Appalachian Trail Map

Appalachian trail map

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Written by: Ashley Vitiello
Fact Checked by: Derek Vitiello

Updated Apr 22, 2023

Welcome to our interactive Appalachian Trail map! It’s an adaptation of a couple of the other interactive maps below – we’ve taken our favorite layers and merged them into one map. The layers include the general trail route as well as trailheads, shelters, resupply points, road crossings, water sources, cool blue blaze trails, hostels, outfitters, and AMC huts that are located along the AT.

We’ve also included other links to several other interactive online maps (see below), as well as information about paper maps and even an app you could try!

When using this map or any of the other interactive maps below, clicking on individual icons will provide even more information, so make sure you take advantage of that feature and click on things!

This interactive map is a adaptation of a couple of the maps below.

Other Interactive Maps

If the map above doesn’t have what you’re looking for, or if you want access to a variety of different maps from different creators, here are some links to other popular Appalachian Trail maps.

Appalachian Trail Conservancy (ATC) – Most Official

The ATC is a non-profit that advocates for the Appalachian Trail and is the leading name when it comes to great information on the trail. Here’s their map, which is cooperatively made by the ATC and the National Park Service. To see the map layers, click on the layers icon in the top right corner.

National Park Service (NPS) – Also Very Official

The National Park Service also links to a map that includes parking areas, scenic vistas, privies, shelters, and more. It’s one of the few that include the location of privies, which is an added bonus for using this map.

Far Out – Best for Mobile

Far Out has an app that covers the entirety of the Appalachian Trail and provides great information, especially if you want to use it on a mobile device. You do have to purchase the trail portions you need, but they provide a free sample so you can make sure it’s the information you’re looking for before you buy it.

The Trek – Great Free Information

The Trek is a website with some incredible first hand information about hiking the AT, and it’s all written by previous thru hikers with real experience. They also have great general information on the trail, including this interactive map. We really like how their map shows you the AMC Huts in Maine so you can get an idea of their location along the route.

Reddit – Worth Taking a Peek

One of the simplest maps with some of the best information is from this user on Reddit who shared his own adaptation of the information he found most useful.

*Disclaimer* These maps are all for general reference purposes only. The data is approximate, may not match exact locations, and is not a legal document, nor should it be treated as such. There is no warranty or guarantee to the accuracy, completeness, reliability of this data, express or implied. All the information on these maps is dynamic, subject to change, and you should reach out to the appropriate entity to get more information on features.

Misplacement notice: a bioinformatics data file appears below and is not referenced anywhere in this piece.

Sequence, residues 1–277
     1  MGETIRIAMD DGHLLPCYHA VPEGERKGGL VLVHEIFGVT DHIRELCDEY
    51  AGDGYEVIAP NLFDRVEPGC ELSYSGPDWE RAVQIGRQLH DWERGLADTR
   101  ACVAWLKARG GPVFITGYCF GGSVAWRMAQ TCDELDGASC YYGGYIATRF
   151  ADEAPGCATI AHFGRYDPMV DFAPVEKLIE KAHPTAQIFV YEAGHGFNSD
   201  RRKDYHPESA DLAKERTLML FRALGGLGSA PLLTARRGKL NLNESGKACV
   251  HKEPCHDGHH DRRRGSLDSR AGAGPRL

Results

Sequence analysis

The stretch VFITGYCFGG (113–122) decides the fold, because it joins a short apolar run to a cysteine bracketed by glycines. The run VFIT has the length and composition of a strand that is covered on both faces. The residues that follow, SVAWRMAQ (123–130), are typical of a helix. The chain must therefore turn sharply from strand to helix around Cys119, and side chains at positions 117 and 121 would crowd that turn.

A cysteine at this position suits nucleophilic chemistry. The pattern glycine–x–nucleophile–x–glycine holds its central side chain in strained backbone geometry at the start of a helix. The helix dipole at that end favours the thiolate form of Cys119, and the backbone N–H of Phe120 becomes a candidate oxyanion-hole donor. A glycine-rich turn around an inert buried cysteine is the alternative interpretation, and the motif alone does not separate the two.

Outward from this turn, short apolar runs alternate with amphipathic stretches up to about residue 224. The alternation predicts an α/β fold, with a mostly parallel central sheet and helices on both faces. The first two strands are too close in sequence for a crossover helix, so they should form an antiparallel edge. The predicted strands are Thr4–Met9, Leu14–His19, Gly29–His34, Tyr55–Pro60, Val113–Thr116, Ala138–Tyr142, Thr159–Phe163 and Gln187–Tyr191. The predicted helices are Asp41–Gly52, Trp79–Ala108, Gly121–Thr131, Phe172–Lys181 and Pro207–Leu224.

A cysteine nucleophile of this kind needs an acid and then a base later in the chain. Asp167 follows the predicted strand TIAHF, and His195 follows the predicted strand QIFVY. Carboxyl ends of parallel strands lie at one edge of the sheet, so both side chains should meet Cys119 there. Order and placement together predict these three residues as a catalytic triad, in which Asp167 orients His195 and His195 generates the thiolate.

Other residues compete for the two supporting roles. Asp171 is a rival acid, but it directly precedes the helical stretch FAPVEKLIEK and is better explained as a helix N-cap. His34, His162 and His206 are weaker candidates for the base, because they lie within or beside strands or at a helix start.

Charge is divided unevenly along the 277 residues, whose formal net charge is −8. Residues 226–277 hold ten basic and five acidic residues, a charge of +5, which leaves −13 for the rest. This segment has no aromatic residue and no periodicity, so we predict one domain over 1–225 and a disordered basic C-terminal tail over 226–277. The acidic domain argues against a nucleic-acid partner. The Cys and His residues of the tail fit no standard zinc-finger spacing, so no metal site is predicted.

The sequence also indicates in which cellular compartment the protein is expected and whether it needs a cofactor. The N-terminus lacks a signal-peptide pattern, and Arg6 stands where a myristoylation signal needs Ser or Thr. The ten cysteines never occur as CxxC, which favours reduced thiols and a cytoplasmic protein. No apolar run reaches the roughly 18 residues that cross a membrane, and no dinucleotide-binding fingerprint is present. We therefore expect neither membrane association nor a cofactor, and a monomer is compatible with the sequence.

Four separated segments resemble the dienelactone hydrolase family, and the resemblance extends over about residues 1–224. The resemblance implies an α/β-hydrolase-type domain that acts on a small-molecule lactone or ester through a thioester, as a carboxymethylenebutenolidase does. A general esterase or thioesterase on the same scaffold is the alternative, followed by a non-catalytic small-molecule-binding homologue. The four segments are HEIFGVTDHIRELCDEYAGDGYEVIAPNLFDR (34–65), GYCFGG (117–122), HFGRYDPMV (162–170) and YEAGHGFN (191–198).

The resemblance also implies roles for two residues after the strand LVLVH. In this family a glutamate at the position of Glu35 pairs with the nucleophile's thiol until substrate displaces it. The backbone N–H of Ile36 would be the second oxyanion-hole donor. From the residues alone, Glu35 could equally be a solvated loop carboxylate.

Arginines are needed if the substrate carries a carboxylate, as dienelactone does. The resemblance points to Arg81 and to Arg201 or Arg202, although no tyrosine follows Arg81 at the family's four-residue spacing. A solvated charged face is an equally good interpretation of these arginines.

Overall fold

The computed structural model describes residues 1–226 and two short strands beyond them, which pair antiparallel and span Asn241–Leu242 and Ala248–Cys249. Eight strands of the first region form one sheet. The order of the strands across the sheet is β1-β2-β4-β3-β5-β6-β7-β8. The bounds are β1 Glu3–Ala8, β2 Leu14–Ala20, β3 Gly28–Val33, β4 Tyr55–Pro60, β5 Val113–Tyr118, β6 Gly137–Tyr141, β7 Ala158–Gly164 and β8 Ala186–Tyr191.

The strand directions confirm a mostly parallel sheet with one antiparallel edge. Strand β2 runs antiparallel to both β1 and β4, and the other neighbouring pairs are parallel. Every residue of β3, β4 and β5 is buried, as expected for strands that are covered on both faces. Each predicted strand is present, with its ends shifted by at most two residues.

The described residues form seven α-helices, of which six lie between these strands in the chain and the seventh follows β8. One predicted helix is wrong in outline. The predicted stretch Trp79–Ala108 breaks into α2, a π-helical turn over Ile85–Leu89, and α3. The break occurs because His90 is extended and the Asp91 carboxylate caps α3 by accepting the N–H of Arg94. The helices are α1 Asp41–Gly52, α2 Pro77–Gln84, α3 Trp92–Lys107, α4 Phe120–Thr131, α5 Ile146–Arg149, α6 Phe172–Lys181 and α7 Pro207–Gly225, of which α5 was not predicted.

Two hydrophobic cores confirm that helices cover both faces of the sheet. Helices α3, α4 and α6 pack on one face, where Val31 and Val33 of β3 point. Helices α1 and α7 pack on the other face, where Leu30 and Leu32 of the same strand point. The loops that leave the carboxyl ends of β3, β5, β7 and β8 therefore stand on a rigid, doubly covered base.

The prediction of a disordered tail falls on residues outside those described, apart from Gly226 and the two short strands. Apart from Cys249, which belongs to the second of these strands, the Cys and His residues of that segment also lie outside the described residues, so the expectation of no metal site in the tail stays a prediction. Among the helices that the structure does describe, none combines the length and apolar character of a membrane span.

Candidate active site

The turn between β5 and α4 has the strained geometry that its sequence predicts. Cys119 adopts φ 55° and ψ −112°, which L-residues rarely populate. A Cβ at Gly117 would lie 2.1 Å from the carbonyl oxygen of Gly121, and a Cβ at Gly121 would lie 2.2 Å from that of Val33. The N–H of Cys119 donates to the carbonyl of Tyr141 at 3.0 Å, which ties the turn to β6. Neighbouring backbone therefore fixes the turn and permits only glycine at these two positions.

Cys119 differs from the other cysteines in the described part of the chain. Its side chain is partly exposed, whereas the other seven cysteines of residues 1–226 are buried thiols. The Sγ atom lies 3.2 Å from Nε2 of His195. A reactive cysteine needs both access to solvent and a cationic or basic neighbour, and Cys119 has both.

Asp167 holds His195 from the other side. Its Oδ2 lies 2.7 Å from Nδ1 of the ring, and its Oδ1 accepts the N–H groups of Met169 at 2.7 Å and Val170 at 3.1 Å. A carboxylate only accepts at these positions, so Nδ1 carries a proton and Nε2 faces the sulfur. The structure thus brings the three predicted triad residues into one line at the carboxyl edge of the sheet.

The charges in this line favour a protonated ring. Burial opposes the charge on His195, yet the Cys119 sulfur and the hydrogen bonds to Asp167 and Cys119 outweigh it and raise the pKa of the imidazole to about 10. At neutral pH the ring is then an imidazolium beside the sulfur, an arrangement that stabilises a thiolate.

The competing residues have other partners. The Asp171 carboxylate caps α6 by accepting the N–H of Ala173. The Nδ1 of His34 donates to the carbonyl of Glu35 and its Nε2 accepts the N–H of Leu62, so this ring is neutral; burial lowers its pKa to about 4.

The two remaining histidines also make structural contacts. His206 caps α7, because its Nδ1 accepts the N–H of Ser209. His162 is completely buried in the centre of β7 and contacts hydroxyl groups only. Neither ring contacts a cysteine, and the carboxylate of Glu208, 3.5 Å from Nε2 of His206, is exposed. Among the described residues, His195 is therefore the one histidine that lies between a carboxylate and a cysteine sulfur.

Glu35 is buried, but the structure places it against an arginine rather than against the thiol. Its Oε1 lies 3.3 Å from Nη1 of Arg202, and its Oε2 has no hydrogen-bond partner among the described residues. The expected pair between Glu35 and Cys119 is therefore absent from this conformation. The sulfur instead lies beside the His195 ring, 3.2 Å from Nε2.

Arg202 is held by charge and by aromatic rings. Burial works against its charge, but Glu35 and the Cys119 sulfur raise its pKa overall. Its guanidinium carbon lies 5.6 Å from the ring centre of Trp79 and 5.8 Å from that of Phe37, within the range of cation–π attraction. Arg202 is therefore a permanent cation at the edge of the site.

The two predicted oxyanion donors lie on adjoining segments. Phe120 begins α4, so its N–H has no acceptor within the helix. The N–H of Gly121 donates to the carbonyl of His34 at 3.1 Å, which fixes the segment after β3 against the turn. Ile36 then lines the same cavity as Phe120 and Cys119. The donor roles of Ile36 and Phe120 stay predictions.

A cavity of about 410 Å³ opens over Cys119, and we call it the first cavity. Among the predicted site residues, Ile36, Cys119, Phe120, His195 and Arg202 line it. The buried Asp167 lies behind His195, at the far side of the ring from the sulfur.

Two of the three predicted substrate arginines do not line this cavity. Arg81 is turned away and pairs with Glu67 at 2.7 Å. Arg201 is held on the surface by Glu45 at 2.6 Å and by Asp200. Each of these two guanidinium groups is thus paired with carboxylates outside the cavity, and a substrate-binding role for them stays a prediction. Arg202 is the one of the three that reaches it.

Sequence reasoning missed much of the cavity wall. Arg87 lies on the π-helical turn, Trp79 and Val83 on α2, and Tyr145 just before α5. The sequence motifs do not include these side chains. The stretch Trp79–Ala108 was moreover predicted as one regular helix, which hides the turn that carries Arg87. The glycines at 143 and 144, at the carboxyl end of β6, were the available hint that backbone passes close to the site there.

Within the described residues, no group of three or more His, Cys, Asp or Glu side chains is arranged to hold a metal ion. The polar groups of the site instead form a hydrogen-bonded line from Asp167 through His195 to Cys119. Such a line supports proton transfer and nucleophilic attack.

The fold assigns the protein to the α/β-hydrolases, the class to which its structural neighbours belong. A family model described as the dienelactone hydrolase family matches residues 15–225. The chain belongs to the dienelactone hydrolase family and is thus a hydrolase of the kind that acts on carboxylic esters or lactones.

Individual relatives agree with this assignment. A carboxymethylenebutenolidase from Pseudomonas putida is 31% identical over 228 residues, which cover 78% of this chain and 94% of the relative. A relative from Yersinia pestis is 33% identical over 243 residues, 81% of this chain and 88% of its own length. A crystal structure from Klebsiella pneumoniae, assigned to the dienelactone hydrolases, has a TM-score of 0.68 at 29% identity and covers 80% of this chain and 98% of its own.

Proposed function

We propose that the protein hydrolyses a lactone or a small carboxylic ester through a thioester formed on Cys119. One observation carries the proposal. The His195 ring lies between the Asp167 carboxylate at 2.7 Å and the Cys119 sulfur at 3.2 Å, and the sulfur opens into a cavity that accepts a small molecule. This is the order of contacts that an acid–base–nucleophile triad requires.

Physical Maps

If you want a non-digital map, National Geographic makes some great physical maps that are waterproof and tear-resistant. While the ones on Amazon may seem cheaper, they aren’t necessarily. Here’s the first one in the series, which covers Springer Mountain (Georgia) to Davenport Gap. The next map in the series is Davenport Gap to Damascus, which gets you to Virginia. In comparison, this map at REI includes both maps as a bundle and is $5 less than when they’re purchased separately.

The ATC also has some official maps that they sell in their store, and those can be found here. They’re broken down into much smaller sections, making them easier to carry on the trail and you can trade out maps at your resupply points.

There’s also several places where you can print less detailed maps if you want something with the bigger picture like Rhodes Mill.

Individual Sections by State

For more detailed information about each state along the trail, see the link below for the 14 different states that the AT goes through.

  • Georgia
  • North Carolina/Tennessee
  • Virginia
  • West Virginia
  • Maryland
  • Pennsylvania
  • New Jersey
  • New York
  • Connecicut
  • Massachusetts
  • Vermont
  • New Hampsire
  • Maine

Ashley is an adventurous soul who loves all things nature, especially warm sunshine, wildflowers, scenic snacking, and mushrooms. She is an avid outdoor enthusiast who has spent years enjoying time outside doing things like hiking, camping, and rock climbing.
Her goal with Know Nothing Nomads is to make these hobbies easily accessible through knowledgeable content and how-to’s based on all the stuff she’s learned on her journey. If she isn’t writing an article, she’s probably in a forest looking at big mountain views and tiny pieces of moss on the side of the trail.

Derek, Co-Founder at Know Nothing Nomads

My goal with my writing and Know Nothing Nomads as a whole is to share my passions of hiking, camping, and a love of the outdoors with our readers. Making the difficult and uncertain feel more approachable to people that might not know enough to feel comfortable taking their first steps into the wilderness is a driving factor for me. When I’m not writing you can find me on a trail, in a forest, or next to a river with hiking shoes on my feet and a fly rod somewhere close by.

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